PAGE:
Groundbreaking Held for New Juvenile Justice Center
From the Unified Government:
Construction crews are breaking up concrete and tearing down retaining walls in the parking lot located behind the Wyandotte County Correctional and Court Services (Court Services) building located at 812 N. 7th Street. The concrete demolition and removal process are in preparation for the construction of a new $27.2 million Wyandotte County Juvenile Justice Center.
Unified Government officials held a ceremonial groundbreaking today to recognize the official start of construction. When completed by the first quarter of 2020, the new facility will provide more effective and efficient services for juveniles in an environment that positively influences their mental and physical behaviors.
“The name of our new facility demonstrates our commitment and support for our young people in this community. We are about justice which holds people accountable but will also provide opportunities for young offenders to get their lives back on track and become positive members of Wyandotte County. This facility will create an environment that will give a much better chance for young people to learn from their mistakes, alter their behavior, and return to their families and community as responsible and productive citizens,” says David Alvey, Mayor/CEO of the Unified Government of Wyandotte County/Kansas City, Kansas.
The new juvenile center will have approximately 47,000 sq. ft. of space covering three separate floors, which will be utilized for juvenile detention, administration and programming.
The current Juvenile Detention Center arrangement consists of approximately 39,500 sq. ft. of space covering three separate floors within one housing unit. The area is also in the same facility as adult inmates. This is an outdated and problematic arrangement that’s been in place since 1990 for juveniles that require short-term secure detention.
While efforts have been made to maintain sight and sound separation between juveniles and adults, the current arrangement creates operational challenges because the juveniles occupy a large portion of a housing unit that could be used for adults. This was even more problematic several years ago when at least 150 adult inmates were being farmed out daily to other facilities due to overcrowding, which causes an increase in farm out costs.
“From a purely fiscally responsible position, it’s more cost effective and efficient to do this. There will be an initial cost for this facility, but it will not be any additional ongoing cost because we’re going to have the same staff and provide the same services and equipment to operate in the new juvenile facility,” says Sheriff Ash.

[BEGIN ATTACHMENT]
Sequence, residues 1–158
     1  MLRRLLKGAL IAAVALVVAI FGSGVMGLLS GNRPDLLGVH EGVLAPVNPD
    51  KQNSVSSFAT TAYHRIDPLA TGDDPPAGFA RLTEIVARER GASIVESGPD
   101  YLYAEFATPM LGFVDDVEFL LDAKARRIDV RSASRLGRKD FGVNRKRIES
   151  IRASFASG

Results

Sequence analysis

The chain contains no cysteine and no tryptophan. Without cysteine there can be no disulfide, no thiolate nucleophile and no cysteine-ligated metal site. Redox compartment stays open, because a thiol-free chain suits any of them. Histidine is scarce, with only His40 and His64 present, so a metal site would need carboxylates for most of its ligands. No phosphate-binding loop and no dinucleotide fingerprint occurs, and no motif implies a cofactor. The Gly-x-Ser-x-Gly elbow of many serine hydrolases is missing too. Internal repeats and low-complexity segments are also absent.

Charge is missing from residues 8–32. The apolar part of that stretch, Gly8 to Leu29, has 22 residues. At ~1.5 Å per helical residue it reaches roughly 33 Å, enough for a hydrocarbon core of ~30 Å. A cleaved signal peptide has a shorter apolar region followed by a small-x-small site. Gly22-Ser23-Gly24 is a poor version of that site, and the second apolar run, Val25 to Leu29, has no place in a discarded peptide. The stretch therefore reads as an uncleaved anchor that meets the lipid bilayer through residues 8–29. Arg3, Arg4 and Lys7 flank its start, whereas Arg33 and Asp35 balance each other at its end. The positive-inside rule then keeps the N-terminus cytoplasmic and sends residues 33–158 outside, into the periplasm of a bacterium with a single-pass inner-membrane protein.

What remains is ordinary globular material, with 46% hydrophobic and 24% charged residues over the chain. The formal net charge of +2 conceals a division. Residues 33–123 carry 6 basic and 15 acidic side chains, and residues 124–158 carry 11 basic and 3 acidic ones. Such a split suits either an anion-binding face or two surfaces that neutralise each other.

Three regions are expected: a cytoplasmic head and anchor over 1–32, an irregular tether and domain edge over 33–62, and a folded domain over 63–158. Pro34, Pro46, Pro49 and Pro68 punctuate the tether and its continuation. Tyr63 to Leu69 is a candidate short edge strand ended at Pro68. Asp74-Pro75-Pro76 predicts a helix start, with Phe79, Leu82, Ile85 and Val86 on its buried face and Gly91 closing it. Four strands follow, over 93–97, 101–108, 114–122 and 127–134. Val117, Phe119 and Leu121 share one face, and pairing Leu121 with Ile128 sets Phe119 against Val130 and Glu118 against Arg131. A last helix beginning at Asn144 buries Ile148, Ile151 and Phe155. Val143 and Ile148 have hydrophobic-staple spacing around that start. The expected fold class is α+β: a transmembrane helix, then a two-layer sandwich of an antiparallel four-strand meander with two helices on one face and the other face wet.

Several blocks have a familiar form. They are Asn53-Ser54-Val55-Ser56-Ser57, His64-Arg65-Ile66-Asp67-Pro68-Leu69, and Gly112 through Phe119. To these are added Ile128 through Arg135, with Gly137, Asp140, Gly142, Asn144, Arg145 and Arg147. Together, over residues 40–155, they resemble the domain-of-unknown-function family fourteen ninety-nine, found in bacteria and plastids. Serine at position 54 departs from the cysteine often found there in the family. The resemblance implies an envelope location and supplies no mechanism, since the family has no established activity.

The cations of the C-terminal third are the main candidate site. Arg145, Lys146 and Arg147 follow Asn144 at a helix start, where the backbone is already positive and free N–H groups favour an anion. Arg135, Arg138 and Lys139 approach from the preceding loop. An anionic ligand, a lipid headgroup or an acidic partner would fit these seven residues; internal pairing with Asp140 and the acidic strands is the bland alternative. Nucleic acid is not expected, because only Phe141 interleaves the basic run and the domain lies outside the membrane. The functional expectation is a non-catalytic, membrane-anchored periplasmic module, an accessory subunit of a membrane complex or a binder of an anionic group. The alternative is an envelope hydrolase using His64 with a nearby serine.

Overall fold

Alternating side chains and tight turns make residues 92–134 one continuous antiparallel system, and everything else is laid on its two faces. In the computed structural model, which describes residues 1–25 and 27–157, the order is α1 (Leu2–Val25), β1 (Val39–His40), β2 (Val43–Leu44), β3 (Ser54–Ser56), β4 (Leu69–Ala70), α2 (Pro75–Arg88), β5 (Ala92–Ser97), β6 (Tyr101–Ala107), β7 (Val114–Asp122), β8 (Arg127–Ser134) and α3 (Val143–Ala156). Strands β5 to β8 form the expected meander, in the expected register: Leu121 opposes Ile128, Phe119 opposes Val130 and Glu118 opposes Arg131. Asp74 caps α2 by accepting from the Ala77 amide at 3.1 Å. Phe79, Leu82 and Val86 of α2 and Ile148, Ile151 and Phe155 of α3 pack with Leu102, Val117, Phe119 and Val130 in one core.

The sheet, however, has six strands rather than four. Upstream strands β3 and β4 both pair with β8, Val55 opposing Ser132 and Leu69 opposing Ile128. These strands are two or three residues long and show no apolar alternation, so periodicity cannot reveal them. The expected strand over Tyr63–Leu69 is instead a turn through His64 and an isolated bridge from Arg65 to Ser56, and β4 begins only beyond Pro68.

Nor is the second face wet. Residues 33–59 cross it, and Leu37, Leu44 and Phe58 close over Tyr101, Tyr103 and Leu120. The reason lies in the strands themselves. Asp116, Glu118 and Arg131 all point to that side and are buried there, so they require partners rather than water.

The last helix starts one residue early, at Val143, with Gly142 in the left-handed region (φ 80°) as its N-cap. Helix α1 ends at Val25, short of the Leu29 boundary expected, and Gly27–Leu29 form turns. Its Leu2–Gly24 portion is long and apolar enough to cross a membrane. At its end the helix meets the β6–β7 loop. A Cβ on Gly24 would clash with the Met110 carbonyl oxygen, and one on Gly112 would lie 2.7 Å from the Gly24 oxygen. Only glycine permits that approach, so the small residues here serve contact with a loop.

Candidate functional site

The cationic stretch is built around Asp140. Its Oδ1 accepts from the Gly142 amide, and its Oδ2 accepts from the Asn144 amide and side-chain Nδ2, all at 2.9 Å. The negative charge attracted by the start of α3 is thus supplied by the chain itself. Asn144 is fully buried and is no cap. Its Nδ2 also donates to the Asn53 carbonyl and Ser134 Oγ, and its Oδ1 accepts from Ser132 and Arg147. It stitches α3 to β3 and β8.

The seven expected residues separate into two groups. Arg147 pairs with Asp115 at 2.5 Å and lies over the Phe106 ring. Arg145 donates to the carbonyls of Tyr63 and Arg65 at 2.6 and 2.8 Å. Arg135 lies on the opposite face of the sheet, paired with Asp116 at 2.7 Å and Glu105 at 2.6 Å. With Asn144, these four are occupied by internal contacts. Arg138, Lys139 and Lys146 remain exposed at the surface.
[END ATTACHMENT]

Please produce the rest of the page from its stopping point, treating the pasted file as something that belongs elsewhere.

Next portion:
Sheriff Ash met with members of the Criminal Justice Collaborative over an eight-year period reviewing and studying all aspects of the criminal justice system in Wyandotte County. The committee had representation from the District Attorney’s Office, various Commissioners, three different Mayor’s, police department and the county administrator’s office. They explored various options for funding the construction of a new facility and as well as recommendations for repurposing the current space for adults.
“The groundbreaking on this Juvenile Services Center is the result of several years of study, analysis, and evaluation of more effective strategies for dealing with juvenile offenders in our community. It will not only provide secure detention for those that require it, but it will allow the courts and community corrections to implement proven and effective alternative strategies for serving our youth and their families in crisis,” says Sheriff Ash.
“We feel privileged to have the opportunity to work with the Unified Government of Wyandotte County and are extremely proud to be a part of this project that is going to help support the continued growth of the Kansas City, Kansas community.” says Lynn Newkirk, President of Newkirk Novak Construction Partners.
“We are excited to see the efforts of many dedicated individuals with Wyandotte County over the past few years become a reality with the new Juvenile Justice Center. This facility will greatly improve the services and opportunities for the juveniles and their families and provide an improved space for the staff working in the facility,” says Dan Rowe, President of TreanorHL. “We are honored to have been a part of this great project and look forward to seeing it built.”
The new facility will also provide a safer environment for transporting inmates and a more secured area for Court Services employees.
Future of Court Services Building
The Wyandotte County Correctional and Court Services building located at 812 N. 7th Street will continue to be occupied by staff with the Wyandotte County Community Corrections, Court Services, and for court hearings. The five story Court Services building was built in 1958 and was previously owned by the United States Federal Courthouse until the Robert J. Dole Federal Courthouse opened in 1993. The Unified Government purchased the building from the state for one dollar when they relocated into their new building in downtown KCK.